Anonymity on the internet is substantially less than it was 15 years ago. Yet retailers are still challenged when trying to provide the ideal experience to customers. On an e-commerce site, it is helpful to think of users in three categories: unknown or new users about whom you know nothing, known users about whom you know something and named users about whom you know the most. How you tailor interactions with these different types of users is the challenge.
The majority of your web visitors are typically unknown. This means they are a first time visitor who doesn’t bounce off of your site, and clicks on something or hovers for a period of time providing you with some amount of information such as search terms used, click path, dwell times or regional IP address. This is enough data to deliver some level of personalization on their next visit.
When that visitor returns, you add to your knowledge of them the data left by their second visit and they become a known user. While they don’t yet have a name or user ID, they have definitely clicked on products, categories or landing pages. Automated marketing systems track this information so that you can assign this user to a segment or category as well as to personalize on a product level.
The named user has usually made a purchase, created an account, started a wish list or signed up for a newsletter. The amount of information you have depends upon the length of their purchase history as well as the information you require customers to provide upon entry to your site or upon purchase. Named users are usually a much smaller segment of your population, but a segment that you will want to speak to consistently and personally from product recommendations, to shopping cart personalization to email messages tailored to them. This will deepen your relationship and drive shopper loyalty to your brand.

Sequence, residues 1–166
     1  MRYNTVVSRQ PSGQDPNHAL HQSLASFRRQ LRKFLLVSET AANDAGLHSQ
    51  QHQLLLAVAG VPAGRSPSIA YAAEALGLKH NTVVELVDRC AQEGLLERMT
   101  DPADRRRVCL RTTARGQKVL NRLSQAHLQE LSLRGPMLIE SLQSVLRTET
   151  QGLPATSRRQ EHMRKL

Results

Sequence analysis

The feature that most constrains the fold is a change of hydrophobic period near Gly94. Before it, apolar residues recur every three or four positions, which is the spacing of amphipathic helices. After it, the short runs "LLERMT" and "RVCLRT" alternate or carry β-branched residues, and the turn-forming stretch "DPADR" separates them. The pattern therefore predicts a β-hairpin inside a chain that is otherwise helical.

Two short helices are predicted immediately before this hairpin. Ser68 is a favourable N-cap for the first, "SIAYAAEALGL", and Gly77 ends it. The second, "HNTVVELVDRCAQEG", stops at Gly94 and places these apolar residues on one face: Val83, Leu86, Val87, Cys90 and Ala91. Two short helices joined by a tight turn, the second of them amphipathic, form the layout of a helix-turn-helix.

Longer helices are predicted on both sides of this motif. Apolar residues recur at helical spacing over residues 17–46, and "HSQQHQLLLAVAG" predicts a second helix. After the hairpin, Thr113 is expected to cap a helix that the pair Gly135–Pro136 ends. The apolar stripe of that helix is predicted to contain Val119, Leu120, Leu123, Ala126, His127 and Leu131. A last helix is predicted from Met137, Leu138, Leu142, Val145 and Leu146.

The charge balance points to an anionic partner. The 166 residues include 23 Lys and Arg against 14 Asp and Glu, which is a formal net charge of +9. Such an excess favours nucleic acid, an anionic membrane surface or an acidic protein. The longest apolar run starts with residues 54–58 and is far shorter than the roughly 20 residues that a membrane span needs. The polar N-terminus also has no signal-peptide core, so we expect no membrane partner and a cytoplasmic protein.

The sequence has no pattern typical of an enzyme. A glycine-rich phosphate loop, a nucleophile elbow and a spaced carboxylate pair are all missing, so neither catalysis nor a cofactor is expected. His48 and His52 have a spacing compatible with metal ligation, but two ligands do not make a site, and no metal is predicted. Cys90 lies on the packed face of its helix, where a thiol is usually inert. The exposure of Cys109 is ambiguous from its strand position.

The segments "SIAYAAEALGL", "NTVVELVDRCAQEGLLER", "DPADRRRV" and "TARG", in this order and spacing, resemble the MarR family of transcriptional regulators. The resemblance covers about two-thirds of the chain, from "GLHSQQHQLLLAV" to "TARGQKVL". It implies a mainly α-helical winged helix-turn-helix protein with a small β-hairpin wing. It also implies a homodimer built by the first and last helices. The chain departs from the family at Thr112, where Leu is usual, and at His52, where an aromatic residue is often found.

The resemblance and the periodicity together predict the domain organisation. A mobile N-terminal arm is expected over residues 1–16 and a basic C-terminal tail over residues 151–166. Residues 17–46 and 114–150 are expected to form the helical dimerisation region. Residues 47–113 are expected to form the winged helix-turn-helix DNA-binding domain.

It is possible to personalize to all types of customer from the known to unknown. As you move from the implicit data revealed by tracking user behavior to the explicit data gathered by transaction history, it’s possible to deliver a personalized shopping experience based on your shopper’s interests. It is this combination of the implicit and explicit that gives you the power to get closer to the one to one contextual personalization that retailers all want to deliver.